Monday Jul 04, 2022

More Bite than Sparkle

Before I start this review, there’s a little bit of a disclaimer I need to go into first. Part one is that when Stephen was writing Hunter of the Dead, he crowd-sourced names off Facebook through a random draw on a post. I figured what the hell, and did it. I was one of the people picked. Therefore, should you take my sage advice and read this book, I’m one of the characters. When I was chosen, he contacted me, and asked if I had any requests. As I recall, I told him not to make the character suck (as if that were ever a remote possibility!)

The second part of the disclaimer is that I was approached to write a review, and gifted a copy. The price, was that I had to write an honest review. That’s always a piece of cake with Stephen, because his books are fantastic.

All of that being said, I had no idea where the story was going when I started. I was pretty sure it was about vampires, and an elite vampire killer. But the story started off with what I thought were zombies. As it turns out, zombies are what people become if they can’t stand the change to a vampire, or if their sire screws up the process. You see, vampires in Stephen’s world don’t need to drink blood after they get to a certain level of badass. They are able to draw the life source directly out of their victims. The zombies are the cleanup crew. As in, they come in and devour the remains of the meals. It’s a mess, but there’s always a bottom feeder, isn’t there?

The reader follows several main characters throughout the story. Cicatrice is the most powerful vampire, he rules House Cicatrice, one of the 13 vampire houses. Otto Signari is his rival, the leader of House Signari. Topan is Cicatrice’s get, but he is dishonored in favor of Idi Han. Idi Han was sired by Topan, and he to gain acclaim and respect by siring such a powerful get. Idi Han, for her part, doesn’t want to be a pawn in anyone’s game.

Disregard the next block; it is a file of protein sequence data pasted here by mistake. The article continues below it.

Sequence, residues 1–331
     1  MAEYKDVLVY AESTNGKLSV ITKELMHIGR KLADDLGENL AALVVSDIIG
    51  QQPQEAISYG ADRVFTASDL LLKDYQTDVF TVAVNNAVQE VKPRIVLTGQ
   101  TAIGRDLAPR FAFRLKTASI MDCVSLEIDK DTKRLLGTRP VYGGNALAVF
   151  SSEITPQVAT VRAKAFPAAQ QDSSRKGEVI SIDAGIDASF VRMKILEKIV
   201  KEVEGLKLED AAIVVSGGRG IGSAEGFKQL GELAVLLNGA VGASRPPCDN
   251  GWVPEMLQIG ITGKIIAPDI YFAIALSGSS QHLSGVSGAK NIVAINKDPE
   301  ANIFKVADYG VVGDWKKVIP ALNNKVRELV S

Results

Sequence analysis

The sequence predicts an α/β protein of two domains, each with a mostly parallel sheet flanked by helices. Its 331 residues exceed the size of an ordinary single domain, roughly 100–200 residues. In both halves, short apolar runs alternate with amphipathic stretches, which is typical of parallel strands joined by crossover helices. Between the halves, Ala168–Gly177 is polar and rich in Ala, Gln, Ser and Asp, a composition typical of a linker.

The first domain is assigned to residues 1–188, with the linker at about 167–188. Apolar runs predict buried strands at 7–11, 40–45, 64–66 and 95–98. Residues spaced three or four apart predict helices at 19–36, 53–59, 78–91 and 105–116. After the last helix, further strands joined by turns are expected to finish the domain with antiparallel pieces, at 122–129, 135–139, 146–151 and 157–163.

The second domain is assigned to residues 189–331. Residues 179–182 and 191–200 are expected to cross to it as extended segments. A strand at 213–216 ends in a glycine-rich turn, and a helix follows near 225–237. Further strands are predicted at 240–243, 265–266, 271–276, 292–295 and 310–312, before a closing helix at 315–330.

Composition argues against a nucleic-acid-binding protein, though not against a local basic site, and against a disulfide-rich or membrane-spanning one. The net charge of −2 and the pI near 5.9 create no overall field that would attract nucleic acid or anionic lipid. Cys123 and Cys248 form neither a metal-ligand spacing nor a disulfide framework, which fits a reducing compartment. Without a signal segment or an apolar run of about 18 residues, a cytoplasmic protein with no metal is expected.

Just as there are vampires, there are also Inquistors, or vampire hunters. Bonaparte believes that the Inquisitors should centralize and put their strength together. Carter Price believes that it’s better to go rogue, because then nobody can rat anyone else out if they’re caught. When a vicious vampire attack at the convenience store where he works blows his cover, he’s forced to take his shift manager, Nico, on as an apprentice. Disillusioned with the direction the Inquisitors are heading, Price bears this burden with no small amount of sass.

Amidst all of this turmoil, vampires start dying in rather large numbers. Too large for the Inquisitors to be involved, according to Cicatrice. He believes the legendary Hunter of the Dead has come back, but he’s not sure why.

I really wish that I could say more about the book’s plot, but I fear that I’ve given away too much already! There is intrigue, romance, mystery, and outright horror awaiting any reader brave enough to open Hunter of the Dead. When you’re done, I highly suggest checking out his other novels. They’re always fun, fast-paced, and well worth the read.

Holly Ann Kasprzak

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